Adolescents not a monolith, empowerment interventions need to have life-cycle approach
Over the last few months, 3ie has been working with Co-Impact to create a researcher-practitioner partnership to inform a holistic, evidence-informed approach to adolescent empowerment in India. A few weeks ago, we held a workshop to bring together stakeholders from the government, academia, research and grassroots organizations and donors to collaboratively inform a long-term research agenda. This blog includes a few reflections from those conversations.
Why adolescent empowerment matters
Adolescents make up more than 20% of India’s population—so ensuring their development and empowerment is essential to delivering on Sustainable Development Goals, especially on gender equality. To set the context for the workshop, we invited a panel of experts to share context-specific challenges and issues faced by adolescents across geographies in India and identify opportunities.
While the discussions yielded a broad range of considerations for research and programming, experts placed particular emphasis on the need to account for the multidimensional experiences of adolescents, sustained impacts of gender norm changes, early-life interventions, and a system-wide approach to advancing adolescent equity and equality.
Adolescents are not a monolith
A broad overarching learning across stakeholder groups has been that adolescents do not constitute a homogenous group. There are intersectionalities in terms of income level, rural-urban location, marriage status, caste identity, tribal identity, non-binary gender – trans and queer. Explaining this further, Sohini Bhattacharya, CEO, Breakthrough, said, “We also need to focus on age-disaggregated data – 10 is very different from 18. Let us have some definitions and lay out what are the three-four parameters that constitute empowerment for adolescents. We are all working on this area but we are looking at the same things in many different ways.” Anindya Dutta Gupta, Manager, Girl Capital at Children's Investment Fund Foundation, said, “The cost barrier is a huge issue especially in secondary education – grade nine onwards. Any family with minimal resources sends only sons to school beyond a point. This is why we are focusing on ensuring access as well as making sure we find a way to work with out-of-school girls.”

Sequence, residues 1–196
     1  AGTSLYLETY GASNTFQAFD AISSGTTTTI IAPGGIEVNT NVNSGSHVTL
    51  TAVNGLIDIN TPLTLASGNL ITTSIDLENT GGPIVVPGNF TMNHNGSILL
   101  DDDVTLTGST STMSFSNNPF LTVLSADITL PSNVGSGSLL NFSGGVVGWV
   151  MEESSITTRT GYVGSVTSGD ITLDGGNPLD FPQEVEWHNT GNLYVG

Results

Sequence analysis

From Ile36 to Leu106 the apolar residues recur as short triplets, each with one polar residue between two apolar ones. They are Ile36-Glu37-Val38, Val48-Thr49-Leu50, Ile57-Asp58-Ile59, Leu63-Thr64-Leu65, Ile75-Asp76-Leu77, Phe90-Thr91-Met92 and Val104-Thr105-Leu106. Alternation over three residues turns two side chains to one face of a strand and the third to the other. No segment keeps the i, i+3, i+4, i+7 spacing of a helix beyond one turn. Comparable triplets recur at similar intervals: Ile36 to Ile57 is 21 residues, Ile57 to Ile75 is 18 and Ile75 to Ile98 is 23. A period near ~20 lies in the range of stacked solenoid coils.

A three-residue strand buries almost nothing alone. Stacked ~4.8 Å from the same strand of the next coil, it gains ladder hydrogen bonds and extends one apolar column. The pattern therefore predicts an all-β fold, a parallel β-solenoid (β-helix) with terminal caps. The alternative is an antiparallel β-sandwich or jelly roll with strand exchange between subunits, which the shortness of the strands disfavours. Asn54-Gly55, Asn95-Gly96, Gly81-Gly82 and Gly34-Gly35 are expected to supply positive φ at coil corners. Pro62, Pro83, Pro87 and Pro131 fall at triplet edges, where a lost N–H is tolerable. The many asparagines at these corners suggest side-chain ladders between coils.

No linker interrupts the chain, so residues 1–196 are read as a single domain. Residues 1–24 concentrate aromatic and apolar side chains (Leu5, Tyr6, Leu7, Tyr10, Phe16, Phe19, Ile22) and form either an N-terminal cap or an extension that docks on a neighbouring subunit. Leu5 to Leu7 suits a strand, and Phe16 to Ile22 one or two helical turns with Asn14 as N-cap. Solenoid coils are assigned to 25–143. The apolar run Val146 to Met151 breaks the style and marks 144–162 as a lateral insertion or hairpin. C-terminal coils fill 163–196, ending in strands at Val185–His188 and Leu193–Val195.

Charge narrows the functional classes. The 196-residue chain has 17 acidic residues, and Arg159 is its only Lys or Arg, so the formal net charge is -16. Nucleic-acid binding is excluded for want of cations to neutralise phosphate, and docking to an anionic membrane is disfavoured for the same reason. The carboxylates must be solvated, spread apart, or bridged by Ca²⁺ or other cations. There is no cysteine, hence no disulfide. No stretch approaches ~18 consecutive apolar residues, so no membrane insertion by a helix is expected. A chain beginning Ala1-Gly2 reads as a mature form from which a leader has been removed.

Taking a systems-change approach
When it comes to adolescents in India, especially adolescent girls, a multi-dimensional approach is a necessity because the kind of challenges they are going to be facing in their lives are coming from many, many different angles.
Shagun Sabarwal, Co-Impact
Highlighting the importance of influencing the political economy, Shagun Sabarwal, Director-Asia Programs at Co-Impact, said, “Interventions addressing gender norms should be embedded in existing programs – what we need is systems change approach and multidimensional policies are one way to go about this.” Multicomponent interventions are the need of the hour as change on any single front is not enough. However, scaling them can be challenging unless there is a systemic change.